When you think of hostas you probably think of shade. And it is true that most hostas thrive in the shade, but there are some varieties that do well in the sunniest of locations as well. Sebright Gardens (503-463-9615) grows one of the largest selections of hostas in the U.S. and we stopped by to chat with Thomas about some varieties that he would recommend for the sun. First he mentioned that these plants will always do better if you have them in the right conditions, good soil and well watered. In those conditions he showed us ‘June Fever’ and ‘First Frost’ which were doing great in the full afternoon sun. Thomas also brought up a point about the flowers on hostas. The more fragrant they are the more tolerant they are to sun. It is a characteristic of the species. Also about the blooms, they bloom on a stalk and in progression. You will get a new bloom everyday and this will continue for over a month on some varieties. Next, we move to a shadier area to see 2 more varieties. ‘Dance with Me’ and ‘Stained Glass’ also like the sun but do much better in the shade. ‘Dance with Me’ is kind of boring in the spring, but gets more colorful in the late summer. ‘Stained Glass’ is great because it puts up new foliage through the season, so if it does get damaged you can cut of the damaged parts and new growth will take its place.
Sebright is also part of the GardenPalooza the Tour event happening on September 15th through the 18th, but you can stop by anytime during their business hours (be sure to check their website for business hours.)
Triple Crown Cobbler
It is still berry time in the Northwest. We found one of the best cane berries that is still producing right now is the Triple Crown Berry. Jolene from Smith Berry Barn (503-628-2172) took us out to the field to pick some of these wonderful berries. The Triple Crown is a great late summer berry. It has a great taste, holds up well for eating or canning and is thorn-less! After we had picked a big bowl we went in and learned a brand new recipe to make a tasty cobbler. This recipe is located on the Smith Berry Barn website as a peach cobbler, but we easily changed it to use the berries. First we mixed the berries with some ingredients and baked the berries, and then we made the topping and added that to the mix. When it was finished we had a great dessert that was done in about 40 minutes. Check out the Smith website for more delicious recipes and a daily update of what is fresh from the fields.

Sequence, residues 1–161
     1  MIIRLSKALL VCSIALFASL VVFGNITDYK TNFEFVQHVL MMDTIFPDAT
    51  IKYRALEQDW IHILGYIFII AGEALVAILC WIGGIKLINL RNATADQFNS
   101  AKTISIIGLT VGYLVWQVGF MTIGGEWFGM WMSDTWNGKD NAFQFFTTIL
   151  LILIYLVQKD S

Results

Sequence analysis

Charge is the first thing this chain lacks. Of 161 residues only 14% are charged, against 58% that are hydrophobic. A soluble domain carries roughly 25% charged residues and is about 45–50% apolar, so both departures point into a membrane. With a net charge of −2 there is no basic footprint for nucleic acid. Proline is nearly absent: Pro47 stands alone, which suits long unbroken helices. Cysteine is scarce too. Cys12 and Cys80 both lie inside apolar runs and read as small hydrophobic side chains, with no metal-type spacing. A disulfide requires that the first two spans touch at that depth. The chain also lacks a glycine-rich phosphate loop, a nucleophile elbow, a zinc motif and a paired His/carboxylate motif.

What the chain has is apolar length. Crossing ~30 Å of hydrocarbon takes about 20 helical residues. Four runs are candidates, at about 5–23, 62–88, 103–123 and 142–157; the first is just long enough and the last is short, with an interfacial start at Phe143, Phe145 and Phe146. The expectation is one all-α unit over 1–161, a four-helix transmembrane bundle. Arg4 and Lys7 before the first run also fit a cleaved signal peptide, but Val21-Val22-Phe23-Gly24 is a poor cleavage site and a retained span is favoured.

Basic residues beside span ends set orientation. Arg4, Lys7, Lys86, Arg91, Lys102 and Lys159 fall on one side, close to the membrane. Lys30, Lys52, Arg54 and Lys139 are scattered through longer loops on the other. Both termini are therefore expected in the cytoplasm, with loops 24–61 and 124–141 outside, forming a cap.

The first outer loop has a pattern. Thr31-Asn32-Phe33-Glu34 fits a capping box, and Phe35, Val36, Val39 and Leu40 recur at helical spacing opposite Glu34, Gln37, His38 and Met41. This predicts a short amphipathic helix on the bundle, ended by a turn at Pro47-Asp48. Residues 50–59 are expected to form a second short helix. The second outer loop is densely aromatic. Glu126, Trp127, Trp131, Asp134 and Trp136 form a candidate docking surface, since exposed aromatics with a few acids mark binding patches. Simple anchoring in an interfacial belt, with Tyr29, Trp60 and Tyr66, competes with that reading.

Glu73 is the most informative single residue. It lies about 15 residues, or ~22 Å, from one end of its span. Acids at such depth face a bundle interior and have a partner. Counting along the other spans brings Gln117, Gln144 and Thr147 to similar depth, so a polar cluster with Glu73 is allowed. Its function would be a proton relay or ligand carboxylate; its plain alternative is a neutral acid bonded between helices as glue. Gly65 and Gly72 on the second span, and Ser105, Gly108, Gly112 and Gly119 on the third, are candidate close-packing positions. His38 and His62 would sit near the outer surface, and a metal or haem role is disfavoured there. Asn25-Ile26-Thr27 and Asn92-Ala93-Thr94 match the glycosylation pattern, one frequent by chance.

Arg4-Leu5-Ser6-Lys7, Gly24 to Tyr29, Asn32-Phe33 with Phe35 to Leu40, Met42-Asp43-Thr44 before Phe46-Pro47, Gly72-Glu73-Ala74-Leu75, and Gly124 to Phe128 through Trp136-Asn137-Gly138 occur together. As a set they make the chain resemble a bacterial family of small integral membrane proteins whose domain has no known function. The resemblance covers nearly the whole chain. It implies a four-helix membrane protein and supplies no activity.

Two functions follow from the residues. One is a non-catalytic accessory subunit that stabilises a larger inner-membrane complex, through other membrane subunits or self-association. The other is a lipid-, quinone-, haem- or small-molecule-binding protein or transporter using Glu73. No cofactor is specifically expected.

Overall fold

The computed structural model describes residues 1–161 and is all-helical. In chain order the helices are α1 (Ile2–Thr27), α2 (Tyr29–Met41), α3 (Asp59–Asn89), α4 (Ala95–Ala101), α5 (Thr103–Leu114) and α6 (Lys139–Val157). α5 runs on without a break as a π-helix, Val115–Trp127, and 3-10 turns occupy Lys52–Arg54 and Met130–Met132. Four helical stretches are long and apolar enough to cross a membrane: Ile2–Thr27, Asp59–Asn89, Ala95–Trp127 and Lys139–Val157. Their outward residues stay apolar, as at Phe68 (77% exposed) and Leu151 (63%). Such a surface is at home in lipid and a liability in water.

Little Baja Statues
We have all seen statues in the garden, but what do those statues mean? To learn more we stopped by Little Baja (503-432-8959). Some of the most popular of the statues are animal shapes. Some people will use animal statues to remember a pet that has passed away while others adopt the Native American’s belief that an animal statue can bring characteristics of that animal to a garden. A wolf or bear statue might welcome the spirit of that animal to your garden. Gargoyles have a long history of being in the garden. Since the middle ages gargoyles are believed to protect against evil spirits. I wonder if they would scare away the moles in our garden? Gardens are place of thought and prayer, and for some people that brings in a religious theme. Bringing in angels and statues of the Madonna can help to bring tranquility to the garden. One of the most popular is statues of Francis of Assisi. He thought all animals were brothers and sisters to us all and he is often pictured holding a bird. Some believe he could talk to the animals as well. Fairies and gnomes are long believed to live in gardens and having a statue of one is thought to bring luck to a home. If you don’t take care of the fairies and gnomes they are rumored to cause mischief and take things from your garden. Eastern and Asian art is also a popular theme. Buddha in all his forms can be found in many gardens and can help bring luck, tranquility and whimsy depending on the type of piece you find. Asian art can also be functional as well. Some of the pagodas can hold candles and can be used as lanterns for night time strolls through the garden. If you would like to see all the different varieties of statues and find one for your garden, check out the selection at either location of Little Baja… now, I think a gnome took my pruners and I need to go find them.